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Consider a binary relation $\mathsf{R}$ such that $x\mathsf{R}y$ is the case only if there is some $z$ such that both $x\mathsf{R}z$ and $y\mathsf{R}z$ are the case. Is there a well-known name for the property enjoyed by this relation? And are there natural examples in mathematics (or in ARS) of relations characterized by this property?

In normal modal logic, the above property characterizes frames axiomatized by the schema $\lozenge\square\alpha\to\lozenge\alpha$ (or, dually, by $\square\alpha\to\square\lozenge\alpha$). It amounts to a stronger version of the Church-Rosser property, according to which $x\mathsf{R}y$ and $y\mathsf{R}x$ are simultaneously the case only if there is a $z$ such that both $x\mathsf{R}z$ and $y\mathsf{R}z$ are the case. I have however been unable to determine so far whether there is an established name for the above mentioned property in the literature.

(This is cross-posted with TCS.SE, where the question received a couple of comments but no answers were posted in the first few days.)

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If you had "if and only if" in the definition instead of just "only if" then you could call such a relation a symmetric idempotent (with respect to relational composition). But as it stands I can't immediately think of a suitable name. – Dave Wilding Jan 21 '14 at 18:52
can you add all relations ( is it transitive and or serial) maybe the combination of relations has a name, as afar as i can see refexive includes yor relation and it is a bit a combination of serial and connective , in G' notation it is an G(0,1,1,1) but this one doesn't has a name – Willemien Jan 27 '14 at 14:41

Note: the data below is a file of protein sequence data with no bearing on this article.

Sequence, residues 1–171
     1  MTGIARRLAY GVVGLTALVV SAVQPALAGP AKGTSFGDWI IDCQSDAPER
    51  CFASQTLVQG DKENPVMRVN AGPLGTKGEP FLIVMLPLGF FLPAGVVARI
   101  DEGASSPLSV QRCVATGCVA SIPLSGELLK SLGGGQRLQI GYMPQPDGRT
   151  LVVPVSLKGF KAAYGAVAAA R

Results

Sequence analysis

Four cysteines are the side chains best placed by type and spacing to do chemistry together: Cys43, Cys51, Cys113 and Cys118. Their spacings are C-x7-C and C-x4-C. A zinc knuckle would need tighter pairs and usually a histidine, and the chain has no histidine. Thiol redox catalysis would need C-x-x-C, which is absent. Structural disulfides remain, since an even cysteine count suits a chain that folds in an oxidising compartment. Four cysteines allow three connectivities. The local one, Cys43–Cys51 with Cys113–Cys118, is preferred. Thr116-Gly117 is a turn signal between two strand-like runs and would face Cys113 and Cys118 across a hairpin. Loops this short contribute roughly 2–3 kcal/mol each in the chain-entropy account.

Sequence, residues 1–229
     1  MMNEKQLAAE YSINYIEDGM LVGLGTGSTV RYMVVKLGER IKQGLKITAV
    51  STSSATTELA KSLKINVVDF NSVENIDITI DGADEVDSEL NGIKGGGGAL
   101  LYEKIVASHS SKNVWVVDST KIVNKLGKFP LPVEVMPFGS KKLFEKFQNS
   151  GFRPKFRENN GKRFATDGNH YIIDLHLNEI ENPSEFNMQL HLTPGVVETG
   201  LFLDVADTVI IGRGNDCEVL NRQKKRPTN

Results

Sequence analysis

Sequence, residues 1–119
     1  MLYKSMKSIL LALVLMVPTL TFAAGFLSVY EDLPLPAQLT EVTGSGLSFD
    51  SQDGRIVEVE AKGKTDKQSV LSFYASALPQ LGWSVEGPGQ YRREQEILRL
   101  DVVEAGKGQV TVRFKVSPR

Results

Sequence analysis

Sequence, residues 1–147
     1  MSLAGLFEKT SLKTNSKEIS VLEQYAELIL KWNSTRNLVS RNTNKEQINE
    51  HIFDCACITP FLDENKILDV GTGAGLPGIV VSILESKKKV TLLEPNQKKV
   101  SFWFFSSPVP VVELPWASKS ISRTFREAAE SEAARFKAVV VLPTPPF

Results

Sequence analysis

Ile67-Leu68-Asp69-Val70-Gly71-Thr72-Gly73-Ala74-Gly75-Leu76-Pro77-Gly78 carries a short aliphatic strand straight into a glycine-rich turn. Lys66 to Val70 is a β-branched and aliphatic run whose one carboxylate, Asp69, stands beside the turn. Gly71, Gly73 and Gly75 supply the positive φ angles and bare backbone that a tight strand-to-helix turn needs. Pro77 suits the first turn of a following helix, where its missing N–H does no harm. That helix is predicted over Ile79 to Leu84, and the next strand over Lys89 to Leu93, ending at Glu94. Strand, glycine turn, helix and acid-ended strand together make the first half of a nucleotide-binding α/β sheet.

@Willemien Indeed, from the comments I received so far it seems that the axiom G(0,1,1,1) ---or, equivalently, G(1,1,0,1)--- has not been baptized, or even studied for its own sake. It does seem to correspond, anyway, to a qualified version of the notion of joinability, in ARS, where one demands $x\mathsf{R}y$ as a necessary condition for $x\downarrow y$. – J Marcos Jan 28 '14 at 14:17
Abstract rewriting is a different logic branch, (I think it belongs to combinatory logic or Lamda calculus, branches I am not familiar with. I am not sure if it is possible to put Abstract rewriting in a one-to-one relation with modal logc, I can only advice you to be very careful here, take nothing for obvious. (the arrow with star looks very transitive but then is []p -> [][]p an axiom? The same for []p -> p (reflexivity) is it vacously true or false? and most important: Is |-p => |-[]p (rule of nesecitation, needed for normal modal logics) valid? all questions I don't know the answer. – Willemien Jan 28 '14 at 15:06

Had a look around and Hughes "introduction to model logic" and Boolos" The logic of provability" call it CONVERGENT, athough Hughes only calls <>[]p -> []<>p convergent Boolos is more flexibel: see Boolos page 88

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In the study of abstract rewriting systems, such diamond property is a particular case of the notion of confluence. You get convergence if you add termination to confluence. – J Marcos Jan 28 '14 at 14:01

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